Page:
Under vastly calmer circumstances, Amy Butcher travels to Nebraska to witness the annual migration of sandhill cranes, around 600,000 of which make a stopover near the town of Gibbon.
Meanwhile, Andrew Lees visits present-day Detroit; K.M. Churchill recalls her life running a restaurant in Ireland; Darrin DuFord explains how the Panama hat originated in Ecuador; Olga Pavlinova Olenich takes a night-time train ride from Venice to Nice...
I counted three Americans in Paris among the contributors, but, hey, I take back what I said a moment ago. There can never be too many remembrances of the City of Light.
The Best Things in Life are Free
By Lonely Planet Publishing
Once more Lonely Planet offers us a tour of the world, this time as a survey of free stuff: free tours, free tickets, free access to museums, parks, and events. A rather neat idea, actually.
The Best Things in Life are Free is not a coffee-table book like many other LP anthologies of the past few years. It's a book-sized book—around the size of the last novel you read. It's also not a hundred percent true to its title; some of the items listed have fees involved—but the costs are in the low range, affordable to most of us. And the great majority of the tours and destinations are indeed free.
Hundreds of color photographs, along with maps, sidebars, and other graphics illustrate every page of the book. This makes for excellent armchair traveling.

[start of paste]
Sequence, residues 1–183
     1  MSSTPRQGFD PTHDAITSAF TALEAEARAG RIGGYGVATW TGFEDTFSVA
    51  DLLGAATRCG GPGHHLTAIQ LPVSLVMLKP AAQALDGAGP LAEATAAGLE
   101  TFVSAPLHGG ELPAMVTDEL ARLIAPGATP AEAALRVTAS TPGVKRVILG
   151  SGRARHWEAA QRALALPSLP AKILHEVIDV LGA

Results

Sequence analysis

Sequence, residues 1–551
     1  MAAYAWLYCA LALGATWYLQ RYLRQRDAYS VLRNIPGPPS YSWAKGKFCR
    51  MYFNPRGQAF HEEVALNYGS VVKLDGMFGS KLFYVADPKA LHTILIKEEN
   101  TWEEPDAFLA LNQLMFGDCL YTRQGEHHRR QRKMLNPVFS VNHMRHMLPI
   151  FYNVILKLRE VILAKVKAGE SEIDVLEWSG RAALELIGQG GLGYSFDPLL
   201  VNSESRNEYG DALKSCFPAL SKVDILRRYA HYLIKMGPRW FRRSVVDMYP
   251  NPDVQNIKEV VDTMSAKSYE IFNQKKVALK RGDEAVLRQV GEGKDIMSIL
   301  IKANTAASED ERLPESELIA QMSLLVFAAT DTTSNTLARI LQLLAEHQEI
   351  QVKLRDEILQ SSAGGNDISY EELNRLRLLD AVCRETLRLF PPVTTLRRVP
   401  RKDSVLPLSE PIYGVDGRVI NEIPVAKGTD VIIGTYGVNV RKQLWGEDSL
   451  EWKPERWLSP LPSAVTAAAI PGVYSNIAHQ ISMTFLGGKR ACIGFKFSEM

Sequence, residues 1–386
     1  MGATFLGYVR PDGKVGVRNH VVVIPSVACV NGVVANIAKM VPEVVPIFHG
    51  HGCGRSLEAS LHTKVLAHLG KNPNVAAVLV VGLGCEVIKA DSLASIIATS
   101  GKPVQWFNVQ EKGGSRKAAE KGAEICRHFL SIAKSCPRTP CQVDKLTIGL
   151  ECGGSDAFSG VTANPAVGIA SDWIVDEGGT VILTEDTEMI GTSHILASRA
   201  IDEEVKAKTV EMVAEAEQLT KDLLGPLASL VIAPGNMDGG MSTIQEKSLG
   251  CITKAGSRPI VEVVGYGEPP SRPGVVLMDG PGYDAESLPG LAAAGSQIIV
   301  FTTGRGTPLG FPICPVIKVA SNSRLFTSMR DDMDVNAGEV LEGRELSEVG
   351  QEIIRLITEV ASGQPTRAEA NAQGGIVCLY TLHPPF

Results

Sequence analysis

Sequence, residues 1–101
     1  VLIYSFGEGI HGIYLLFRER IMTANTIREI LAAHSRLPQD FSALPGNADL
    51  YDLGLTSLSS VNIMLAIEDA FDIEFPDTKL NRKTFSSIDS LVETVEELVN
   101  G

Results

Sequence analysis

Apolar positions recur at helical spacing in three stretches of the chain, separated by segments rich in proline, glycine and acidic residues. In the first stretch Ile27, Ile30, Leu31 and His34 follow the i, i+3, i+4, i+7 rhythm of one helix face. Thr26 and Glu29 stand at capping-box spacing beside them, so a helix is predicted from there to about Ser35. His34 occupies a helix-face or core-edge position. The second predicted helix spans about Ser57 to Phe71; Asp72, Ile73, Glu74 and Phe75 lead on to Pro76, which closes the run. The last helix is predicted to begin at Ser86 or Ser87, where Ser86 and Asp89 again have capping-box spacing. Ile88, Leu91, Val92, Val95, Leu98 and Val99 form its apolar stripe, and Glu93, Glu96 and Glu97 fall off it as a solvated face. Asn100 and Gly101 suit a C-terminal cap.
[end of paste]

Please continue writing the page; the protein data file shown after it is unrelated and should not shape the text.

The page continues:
The book's major divisions are Africa, Asia, Europe, North America, Oceania, and South America. Oddly Mexico—one of the world's top-10 tourist destinations—is omitted, along with all of Central America except for the city of San Salvador. Within these headings, the chapters are mostly arranged by city: from places like London, Paris, and New York through Tokyo, Rome, and Sao Paulo all the way to Reykjavik, Geneva, and Bruges. I counted sixty-four cities in all, in addition to "The Caribbean," which Lonely Planet designates as an entity of its own, a watery city-state, I suppose.
The editors have also composed a dozen or so bonus chapters for travelers seeking special bargains, with titles like "Safari without the big bucks," "Europe's best national parks, "Europe's best free museums and galleries," "Australia & New Zealand's best free walks."
Like many similar guide books and pictorials, The Best Things in Life are Free isn't meant to be read straight through. Rather, you flip pages until you find a city or region that interests you and then you take a closer look.
At the very end of the book was a bar graph, titled "Price Index," which compares "the price of an average day in each destination featured in the book." So what is the most expensive place to visit on earth? The Caribbean, it turns out. In second place, not surprisingly, was New York City. Third, Stockholm.
At the other end of the chart, San Salvador, Bangkok, and Delhi are the three least expensive destinations.
William Caverlee is a freelance journalist who has written for numerous publications, including The Oxford American, The Christian Science Monitor, Aviation History, Cimarron Review, The Florida Review, and Louisiana Cultural Vistas. He's the author of Amid the Swirling Ghosts and Other Essays.